The Difference Between Performance Goals and Learning Goals
Not all goals are the same. Performance goals are ones that focus on an outcome. The outcome (or goal) is based on performance. Examples would be to achieve a detailed score on a competency exam or be awarded a specific form of recognition. An advantage of performance goals is the result. Critics of this approach might say the outcome can distract an individual from learning and therefore, the long-term benefit.
Obviously, learning goals focus on the learning. What is being learned is the key. If we use the same example above, a learning goal would be to focus on learning the competency because if we do, then ultimately we’ll get the score we’re trying to achieve. And the subsequent recognition we’re looking for.
The question becomes is one type of goal better or more important than another?
I totally understand the idea that, if our focus is to become a lifelong learner, then having learning goals is important. We need to understand how to evaluate our learning needs, set learning goals, make learning plans, and finally monitor our progress.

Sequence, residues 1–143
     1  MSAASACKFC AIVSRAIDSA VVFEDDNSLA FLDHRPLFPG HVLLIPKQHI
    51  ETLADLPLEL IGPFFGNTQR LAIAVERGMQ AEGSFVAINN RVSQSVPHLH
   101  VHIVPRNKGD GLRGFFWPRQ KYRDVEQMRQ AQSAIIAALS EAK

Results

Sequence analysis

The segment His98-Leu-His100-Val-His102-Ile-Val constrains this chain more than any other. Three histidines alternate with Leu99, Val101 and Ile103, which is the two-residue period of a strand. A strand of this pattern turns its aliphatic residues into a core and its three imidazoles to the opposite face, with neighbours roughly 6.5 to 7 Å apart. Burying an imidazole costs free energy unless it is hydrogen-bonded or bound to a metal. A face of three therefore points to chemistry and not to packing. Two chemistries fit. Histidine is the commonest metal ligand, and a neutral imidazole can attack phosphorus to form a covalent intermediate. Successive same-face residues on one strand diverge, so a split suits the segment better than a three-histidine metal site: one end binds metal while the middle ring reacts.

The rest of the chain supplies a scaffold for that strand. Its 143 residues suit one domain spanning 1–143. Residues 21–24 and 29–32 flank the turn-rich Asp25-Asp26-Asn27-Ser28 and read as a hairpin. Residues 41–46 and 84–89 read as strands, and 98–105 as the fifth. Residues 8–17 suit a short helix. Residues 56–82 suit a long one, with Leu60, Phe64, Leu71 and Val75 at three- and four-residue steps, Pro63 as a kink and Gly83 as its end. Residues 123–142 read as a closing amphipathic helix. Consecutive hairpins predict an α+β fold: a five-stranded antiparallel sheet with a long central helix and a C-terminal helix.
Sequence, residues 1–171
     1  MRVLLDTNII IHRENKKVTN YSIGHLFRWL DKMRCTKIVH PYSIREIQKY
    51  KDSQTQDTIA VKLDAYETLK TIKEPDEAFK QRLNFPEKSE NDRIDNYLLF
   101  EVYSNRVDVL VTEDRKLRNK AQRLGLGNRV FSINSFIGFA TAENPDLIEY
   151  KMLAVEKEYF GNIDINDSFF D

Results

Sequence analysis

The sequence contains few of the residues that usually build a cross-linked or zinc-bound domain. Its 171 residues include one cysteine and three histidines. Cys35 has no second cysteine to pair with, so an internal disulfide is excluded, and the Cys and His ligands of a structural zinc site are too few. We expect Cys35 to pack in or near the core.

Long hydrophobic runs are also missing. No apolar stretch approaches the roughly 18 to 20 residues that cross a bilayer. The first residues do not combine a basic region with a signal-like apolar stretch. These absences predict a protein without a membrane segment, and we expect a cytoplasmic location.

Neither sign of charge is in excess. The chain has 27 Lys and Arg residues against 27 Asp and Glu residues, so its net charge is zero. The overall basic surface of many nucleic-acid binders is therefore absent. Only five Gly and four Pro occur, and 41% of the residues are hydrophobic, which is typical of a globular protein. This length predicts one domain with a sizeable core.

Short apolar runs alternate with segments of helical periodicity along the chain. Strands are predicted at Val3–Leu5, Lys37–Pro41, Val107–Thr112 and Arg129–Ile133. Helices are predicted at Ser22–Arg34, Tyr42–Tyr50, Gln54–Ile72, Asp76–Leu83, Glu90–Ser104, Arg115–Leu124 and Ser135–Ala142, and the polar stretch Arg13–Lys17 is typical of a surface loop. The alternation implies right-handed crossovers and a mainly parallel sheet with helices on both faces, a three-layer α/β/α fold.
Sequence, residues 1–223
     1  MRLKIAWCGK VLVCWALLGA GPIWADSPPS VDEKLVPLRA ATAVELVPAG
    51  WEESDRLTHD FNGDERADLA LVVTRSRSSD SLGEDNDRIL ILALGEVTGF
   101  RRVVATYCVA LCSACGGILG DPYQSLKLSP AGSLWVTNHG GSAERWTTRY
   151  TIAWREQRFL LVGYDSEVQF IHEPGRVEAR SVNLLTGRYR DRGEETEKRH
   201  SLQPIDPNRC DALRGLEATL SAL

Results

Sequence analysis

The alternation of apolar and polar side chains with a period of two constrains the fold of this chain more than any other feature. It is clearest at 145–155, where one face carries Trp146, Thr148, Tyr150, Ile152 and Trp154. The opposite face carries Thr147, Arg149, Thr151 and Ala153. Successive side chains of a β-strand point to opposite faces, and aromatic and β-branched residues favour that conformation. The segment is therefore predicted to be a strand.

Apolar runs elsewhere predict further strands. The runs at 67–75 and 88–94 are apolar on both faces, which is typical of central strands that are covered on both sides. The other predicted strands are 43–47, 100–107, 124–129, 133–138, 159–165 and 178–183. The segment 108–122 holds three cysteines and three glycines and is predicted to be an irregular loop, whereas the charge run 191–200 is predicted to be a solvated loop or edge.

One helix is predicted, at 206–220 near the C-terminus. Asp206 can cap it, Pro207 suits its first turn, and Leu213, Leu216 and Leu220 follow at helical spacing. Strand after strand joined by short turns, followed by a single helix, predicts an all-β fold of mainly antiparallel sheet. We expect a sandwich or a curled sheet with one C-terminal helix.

But once we’ve started the learning process, I think we need to add performance goals. And I mean add, not replace one for the other. Learning goals help us get started and performance goals help us get better.
For example: I am constantly trying to get better with my Spanish. I’ve taken courses and even immersion courses, but it’s very hard to practice when you work from home (an English-speaking home). So my learning goal is to work on my Spanish. As a result, I’ve started using an app which allows me to take a Spanish lesson every day. Now, when it tells me I’m on a 21-day lesson streak or that I’m 33 percent fluent, that’s the performance goal. Because I’m constantly trying to make that score better.
In order to be successful, we need to set both learning and performance goals. The key is understanding which one you’re setting and why. Because if you create garbage goals, then you won’t get the results you’re looking for.
This post was written by Sharlyn Lauby, the author of HR Bartender and president of ITM Group Inc.